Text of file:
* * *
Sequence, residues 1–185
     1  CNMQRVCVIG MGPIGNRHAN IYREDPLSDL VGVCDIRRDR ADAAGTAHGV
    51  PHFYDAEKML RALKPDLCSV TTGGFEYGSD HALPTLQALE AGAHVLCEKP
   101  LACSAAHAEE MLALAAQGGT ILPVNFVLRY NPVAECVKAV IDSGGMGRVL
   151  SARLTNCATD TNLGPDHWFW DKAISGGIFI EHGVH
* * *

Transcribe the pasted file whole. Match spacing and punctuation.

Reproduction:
Sequence, residues 1–185
     1  CNMQRVCVIG MGPIGNRHAN IYREDPLSDL VGVCDIRRDR ADAAGTAHGV
    51  PHFYDAEKML RALKPDLCSV TTGGFEYGSD HALPTLQALE AGAHVLCEKP
   101  LACSAAHAEE MLALAAQGGT ILPVNFVLRY NPVAECVKAV IDSGGMGRVL
   151  SARLTNCATD TNLGPDHWFW DKAISGGIFI EHGVH